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Lockdown fears spur major sell-off in European stocks

Skyline of the financial district of the City of London rising behind Waterloo Bridge. FTSE 100 plunged on Monday amid fears of imminent COVID-19 lockdown. Photo: Toby Melville/Reuters

European stocks faced their worst fall in three months on Monday over fears that a second wave of COVID-19 infections will lead to lockdowns.

FTSE stocks were on a steep decline on Monday as the UK’s top government scientists said the country has 6,000 new cases a day, doubling every seven days. If the virus continues to spread at this rate, that would lead to 200-plus deaths per day by November.

The UK government’s chief scientific adviser Patrick Vallance and England’s chief medical officer Chris Whitty gave a joint press conference live on television on Monday.

READ MORE: England's chief medical officer fuels fears of second lockdown for UK economy

London’s FTSE 100 (^FTSE) was the worst hit blue chip index in Europe and had fallen by at least 3.5% on Monday.

The pan-European STOXX 600 (^STOXX) was down 4%. Germany’s DAX (^GDAXI) also declined 4.6%, and France’s CAC 40 (^FCHI) dropped by 3.9%.

“As we look to a new week, with investors absorbing the recent statements from central banks, and the prospect that further stimulus may not come immediately, concerns are rising that the summer recovery is probably as good as it gets when it comes to the recent rebound in economic activity,” said Michael Hewson, chief market analyst at CMC Markets UK.

Watch: City workers react to a possible London lockdown

The Bank of England announced its major monetary policies would go unchanged on Thursday (17 September), keeping interest rates at record low levels and maintaining the Bank’s programme of bond buying at £745bn ($966.6bn).

The US Federal Reserve also had held interest rates near zero on Wednesday (16 September) and signalled they were likely to stay that way until at least 2023.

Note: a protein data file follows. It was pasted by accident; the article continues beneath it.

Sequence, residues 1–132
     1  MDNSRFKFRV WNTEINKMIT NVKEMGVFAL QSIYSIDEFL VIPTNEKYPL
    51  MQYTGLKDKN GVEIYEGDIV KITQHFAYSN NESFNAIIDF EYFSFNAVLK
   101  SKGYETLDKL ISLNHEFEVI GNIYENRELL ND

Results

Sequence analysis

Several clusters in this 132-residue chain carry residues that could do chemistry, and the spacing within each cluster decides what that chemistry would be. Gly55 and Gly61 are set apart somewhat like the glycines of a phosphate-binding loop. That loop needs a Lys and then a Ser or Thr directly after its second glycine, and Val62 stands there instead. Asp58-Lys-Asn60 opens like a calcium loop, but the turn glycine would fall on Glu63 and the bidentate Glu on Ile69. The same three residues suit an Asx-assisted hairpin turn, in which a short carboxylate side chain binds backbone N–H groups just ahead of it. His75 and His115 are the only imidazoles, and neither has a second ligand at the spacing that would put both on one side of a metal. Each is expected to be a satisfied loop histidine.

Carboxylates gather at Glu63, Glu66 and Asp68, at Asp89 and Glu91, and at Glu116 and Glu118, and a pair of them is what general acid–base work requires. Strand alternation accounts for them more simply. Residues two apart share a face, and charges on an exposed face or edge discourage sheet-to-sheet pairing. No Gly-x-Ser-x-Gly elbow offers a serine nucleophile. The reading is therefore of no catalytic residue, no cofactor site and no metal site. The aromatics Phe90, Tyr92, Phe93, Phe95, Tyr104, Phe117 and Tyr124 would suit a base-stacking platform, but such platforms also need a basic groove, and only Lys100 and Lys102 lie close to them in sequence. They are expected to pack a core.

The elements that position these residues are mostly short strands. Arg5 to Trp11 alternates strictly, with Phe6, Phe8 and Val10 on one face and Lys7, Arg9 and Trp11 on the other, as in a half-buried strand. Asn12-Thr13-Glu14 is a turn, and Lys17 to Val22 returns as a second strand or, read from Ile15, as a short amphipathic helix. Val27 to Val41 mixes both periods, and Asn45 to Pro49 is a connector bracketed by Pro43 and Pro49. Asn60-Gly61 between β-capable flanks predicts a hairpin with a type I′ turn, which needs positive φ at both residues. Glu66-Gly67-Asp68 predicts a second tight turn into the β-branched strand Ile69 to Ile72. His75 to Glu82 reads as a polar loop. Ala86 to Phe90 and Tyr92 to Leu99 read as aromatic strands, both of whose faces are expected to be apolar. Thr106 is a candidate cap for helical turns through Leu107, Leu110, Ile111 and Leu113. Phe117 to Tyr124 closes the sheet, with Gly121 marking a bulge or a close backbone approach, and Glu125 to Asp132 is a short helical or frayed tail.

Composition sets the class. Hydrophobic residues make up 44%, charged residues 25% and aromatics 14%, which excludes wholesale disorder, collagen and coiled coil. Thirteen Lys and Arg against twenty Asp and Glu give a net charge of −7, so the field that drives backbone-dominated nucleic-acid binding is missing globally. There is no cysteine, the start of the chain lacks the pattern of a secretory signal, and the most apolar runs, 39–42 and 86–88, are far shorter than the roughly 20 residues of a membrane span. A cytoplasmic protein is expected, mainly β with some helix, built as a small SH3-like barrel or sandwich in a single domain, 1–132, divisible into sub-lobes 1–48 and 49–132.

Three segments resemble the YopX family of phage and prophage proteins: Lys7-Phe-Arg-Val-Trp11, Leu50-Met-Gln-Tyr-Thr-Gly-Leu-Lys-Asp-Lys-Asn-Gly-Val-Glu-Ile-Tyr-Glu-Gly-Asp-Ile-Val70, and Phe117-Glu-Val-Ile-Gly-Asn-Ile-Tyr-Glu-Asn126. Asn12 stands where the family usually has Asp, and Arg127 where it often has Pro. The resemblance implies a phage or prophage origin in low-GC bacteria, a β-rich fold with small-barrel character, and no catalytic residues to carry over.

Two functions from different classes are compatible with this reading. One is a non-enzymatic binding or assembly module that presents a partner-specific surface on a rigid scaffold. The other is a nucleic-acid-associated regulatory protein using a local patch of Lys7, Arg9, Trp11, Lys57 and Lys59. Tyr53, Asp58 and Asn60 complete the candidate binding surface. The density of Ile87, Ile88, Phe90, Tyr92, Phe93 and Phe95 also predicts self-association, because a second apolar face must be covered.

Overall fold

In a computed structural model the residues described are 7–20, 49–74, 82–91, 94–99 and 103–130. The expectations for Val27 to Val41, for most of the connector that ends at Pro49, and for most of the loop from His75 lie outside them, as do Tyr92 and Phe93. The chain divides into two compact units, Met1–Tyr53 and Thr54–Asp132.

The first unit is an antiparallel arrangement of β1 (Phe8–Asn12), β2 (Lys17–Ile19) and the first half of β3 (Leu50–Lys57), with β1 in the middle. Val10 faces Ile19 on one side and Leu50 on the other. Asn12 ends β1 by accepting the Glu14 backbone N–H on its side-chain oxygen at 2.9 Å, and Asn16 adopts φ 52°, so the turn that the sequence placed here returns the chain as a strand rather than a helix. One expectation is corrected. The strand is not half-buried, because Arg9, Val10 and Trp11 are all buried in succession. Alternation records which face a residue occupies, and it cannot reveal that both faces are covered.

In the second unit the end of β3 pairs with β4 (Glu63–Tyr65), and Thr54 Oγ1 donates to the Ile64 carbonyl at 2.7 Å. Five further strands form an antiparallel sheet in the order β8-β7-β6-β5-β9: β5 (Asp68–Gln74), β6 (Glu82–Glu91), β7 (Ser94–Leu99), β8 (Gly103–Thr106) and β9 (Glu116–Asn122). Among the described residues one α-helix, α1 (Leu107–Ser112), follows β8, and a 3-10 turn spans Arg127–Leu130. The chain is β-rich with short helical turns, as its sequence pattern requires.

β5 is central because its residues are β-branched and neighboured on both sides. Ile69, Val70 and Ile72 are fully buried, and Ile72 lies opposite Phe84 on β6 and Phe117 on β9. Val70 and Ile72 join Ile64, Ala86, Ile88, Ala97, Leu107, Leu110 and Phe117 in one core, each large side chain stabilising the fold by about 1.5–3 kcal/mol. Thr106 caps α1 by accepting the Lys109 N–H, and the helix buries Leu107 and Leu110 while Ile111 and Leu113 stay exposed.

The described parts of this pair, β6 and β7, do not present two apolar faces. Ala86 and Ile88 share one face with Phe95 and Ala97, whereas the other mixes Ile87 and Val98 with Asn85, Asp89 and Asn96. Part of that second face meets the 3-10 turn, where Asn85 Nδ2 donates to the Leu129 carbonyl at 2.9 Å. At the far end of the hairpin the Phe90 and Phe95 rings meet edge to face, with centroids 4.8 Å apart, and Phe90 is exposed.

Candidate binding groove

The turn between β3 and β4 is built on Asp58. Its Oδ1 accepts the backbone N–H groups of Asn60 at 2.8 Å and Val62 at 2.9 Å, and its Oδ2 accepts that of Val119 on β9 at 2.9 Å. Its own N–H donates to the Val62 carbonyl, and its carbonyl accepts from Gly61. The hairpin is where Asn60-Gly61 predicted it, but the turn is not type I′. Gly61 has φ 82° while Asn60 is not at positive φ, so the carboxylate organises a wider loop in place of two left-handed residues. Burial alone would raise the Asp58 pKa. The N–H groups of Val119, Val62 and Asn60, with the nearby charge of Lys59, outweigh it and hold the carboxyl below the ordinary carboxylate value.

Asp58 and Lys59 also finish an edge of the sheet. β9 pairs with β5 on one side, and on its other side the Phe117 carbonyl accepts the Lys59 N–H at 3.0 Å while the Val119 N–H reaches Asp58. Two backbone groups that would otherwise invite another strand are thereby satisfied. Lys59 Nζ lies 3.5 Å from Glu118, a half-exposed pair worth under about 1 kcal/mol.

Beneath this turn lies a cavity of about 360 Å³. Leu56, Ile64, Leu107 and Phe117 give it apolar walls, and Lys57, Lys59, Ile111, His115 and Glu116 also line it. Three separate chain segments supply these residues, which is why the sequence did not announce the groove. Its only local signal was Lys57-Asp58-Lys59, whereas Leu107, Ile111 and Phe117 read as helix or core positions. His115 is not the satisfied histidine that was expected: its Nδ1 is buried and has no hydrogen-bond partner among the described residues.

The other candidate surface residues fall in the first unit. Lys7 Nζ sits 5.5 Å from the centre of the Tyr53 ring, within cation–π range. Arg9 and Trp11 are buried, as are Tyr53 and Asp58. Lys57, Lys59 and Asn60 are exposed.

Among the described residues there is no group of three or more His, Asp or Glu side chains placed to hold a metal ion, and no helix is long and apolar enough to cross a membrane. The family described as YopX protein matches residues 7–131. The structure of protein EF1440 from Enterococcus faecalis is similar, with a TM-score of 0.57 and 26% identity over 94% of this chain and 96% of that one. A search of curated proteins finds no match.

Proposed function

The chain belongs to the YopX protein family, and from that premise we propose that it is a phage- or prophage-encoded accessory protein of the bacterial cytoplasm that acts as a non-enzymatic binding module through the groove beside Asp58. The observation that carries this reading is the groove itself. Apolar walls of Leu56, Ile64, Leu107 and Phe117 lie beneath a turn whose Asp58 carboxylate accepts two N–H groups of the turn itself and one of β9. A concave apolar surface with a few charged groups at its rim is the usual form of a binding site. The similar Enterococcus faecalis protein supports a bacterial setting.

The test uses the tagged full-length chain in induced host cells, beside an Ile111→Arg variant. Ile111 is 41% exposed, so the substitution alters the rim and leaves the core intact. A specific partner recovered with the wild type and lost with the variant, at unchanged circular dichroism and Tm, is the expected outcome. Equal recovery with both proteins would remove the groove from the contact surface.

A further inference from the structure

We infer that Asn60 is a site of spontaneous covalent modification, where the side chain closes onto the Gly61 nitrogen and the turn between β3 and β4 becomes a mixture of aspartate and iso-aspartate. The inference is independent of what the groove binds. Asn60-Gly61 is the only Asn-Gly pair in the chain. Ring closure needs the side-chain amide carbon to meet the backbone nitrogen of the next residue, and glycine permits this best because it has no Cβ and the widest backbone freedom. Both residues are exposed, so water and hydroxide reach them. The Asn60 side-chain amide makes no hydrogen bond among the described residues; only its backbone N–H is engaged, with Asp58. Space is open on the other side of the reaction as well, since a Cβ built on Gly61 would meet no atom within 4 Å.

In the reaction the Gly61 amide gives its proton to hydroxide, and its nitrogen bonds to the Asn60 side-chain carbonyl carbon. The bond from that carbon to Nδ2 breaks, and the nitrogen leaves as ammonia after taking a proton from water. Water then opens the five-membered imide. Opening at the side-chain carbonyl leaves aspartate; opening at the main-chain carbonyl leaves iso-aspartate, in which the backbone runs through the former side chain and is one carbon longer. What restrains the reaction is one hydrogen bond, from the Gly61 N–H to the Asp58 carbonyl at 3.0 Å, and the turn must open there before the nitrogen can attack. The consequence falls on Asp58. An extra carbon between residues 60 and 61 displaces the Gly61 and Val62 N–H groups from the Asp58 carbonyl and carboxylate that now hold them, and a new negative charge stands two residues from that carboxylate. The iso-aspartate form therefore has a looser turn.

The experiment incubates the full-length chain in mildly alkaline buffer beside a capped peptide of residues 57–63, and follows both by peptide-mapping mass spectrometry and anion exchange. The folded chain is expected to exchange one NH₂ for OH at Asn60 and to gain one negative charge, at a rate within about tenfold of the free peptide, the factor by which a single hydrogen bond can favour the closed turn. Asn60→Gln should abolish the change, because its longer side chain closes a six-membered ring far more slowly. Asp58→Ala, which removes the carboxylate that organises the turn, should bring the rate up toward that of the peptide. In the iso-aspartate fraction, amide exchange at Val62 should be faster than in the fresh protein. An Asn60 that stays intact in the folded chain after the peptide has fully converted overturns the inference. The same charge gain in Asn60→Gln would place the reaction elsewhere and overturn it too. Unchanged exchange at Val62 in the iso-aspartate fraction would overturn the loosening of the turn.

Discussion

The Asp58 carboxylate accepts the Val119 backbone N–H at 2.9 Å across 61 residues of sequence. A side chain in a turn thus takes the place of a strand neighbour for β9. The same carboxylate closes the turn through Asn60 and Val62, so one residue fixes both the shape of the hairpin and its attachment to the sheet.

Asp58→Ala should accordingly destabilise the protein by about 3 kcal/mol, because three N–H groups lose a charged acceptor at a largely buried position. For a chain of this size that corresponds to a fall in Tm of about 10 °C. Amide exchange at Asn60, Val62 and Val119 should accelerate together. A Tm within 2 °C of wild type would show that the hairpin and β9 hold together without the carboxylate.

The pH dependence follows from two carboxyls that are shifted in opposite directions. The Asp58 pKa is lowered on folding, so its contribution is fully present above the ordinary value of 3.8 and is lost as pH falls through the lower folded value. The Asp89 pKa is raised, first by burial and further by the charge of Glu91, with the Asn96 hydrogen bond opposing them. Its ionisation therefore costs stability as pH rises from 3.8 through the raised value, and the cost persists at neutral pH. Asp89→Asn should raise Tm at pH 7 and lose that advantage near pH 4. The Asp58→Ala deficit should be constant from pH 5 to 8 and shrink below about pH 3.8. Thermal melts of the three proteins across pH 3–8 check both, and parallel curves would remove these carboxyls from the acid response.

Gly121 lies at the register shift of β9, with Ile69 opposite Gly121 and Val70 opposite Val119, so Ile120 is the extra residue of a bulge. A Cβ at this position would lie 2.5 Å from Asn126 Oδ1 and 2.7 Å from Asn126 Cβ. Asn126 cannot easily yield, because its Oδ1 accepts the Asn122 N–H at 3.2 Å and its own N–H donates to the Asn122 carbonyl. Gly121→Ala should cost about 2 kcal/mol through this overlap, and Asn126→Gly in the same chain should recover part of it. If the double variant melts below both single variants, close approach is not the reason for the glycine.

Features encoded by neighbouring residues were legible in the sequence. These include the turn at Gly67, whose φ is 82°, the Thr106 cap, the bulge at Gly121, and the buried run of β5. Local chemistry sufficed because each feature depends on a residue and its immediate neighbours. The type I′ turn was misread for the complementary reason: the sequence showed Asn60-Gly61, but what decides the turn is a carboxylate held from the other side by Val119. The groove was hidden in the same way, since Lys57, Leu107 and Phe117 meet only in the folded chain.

The Bank of England governor Andrew Bailey will be speaking to the British Chamber of Commerce on Tuesday.

He is expected to offer some guidance on how serious the central bank is about the prospect of negative rates, and the conditions that are necessary for the Monetary Policy Committee (MPC) to apply them.

READ MORE: FinCEN report: HSBC shares drop to lowest level since 1995

Also this week, flash PMIs on Wednesday will draw attention as they offer the first glimpses of September economic performance around the world.

That’s as economic and social restrictions continue mounting in the face of COVID-19, but it could be too early to see the full toll the virus is having on economies.

Germany’s Ifo survey is also out on Thursday. It has been gaining each month since its April low, even as it remains below its pre-pandemic level.

The news cycle picked up this weekend after US Supreme Court Justice Ruth Bader Ginsburg passed away late Friday night following a long battle with cancer.

President Donald Trump has already said he would put forward a nominee to fill the seat. If he succeeds at getting his nomination through before the election then there will be a 6-3 Republican bias to the Supreme Court. This could have serious policy consequences on issues relating to healthcare, abortion rights and gun law.

Watch: European stocks set for worst day in three months

US markets had a weak open. The S&P 500 (^GSPC) was down 2.3%, Dow Jones (^DJI) was 3.2% lower, and Nasdaq (^IXIC) was off by 1.8%.

READ MORE: No-deal Brexit 'final nail in the coffin' for UK manufacturers

Asian stocks were mixed overnight. Japan’s Nikkei (^N225) rose 0.2%, Hong Kong’s Hang Seng (^HSI) fell 1.6%, dragged down by HSBC and Standard Chartered shares hitting record lows following media reports that some of the world’s largest banks had moved large sums of allegedly illicit funds over nearly two decades. China’s Shanghai Composite (000001.SS) slid 0.7%. The KOSPI (^KOSPI) in South Korea is also down 0.8%.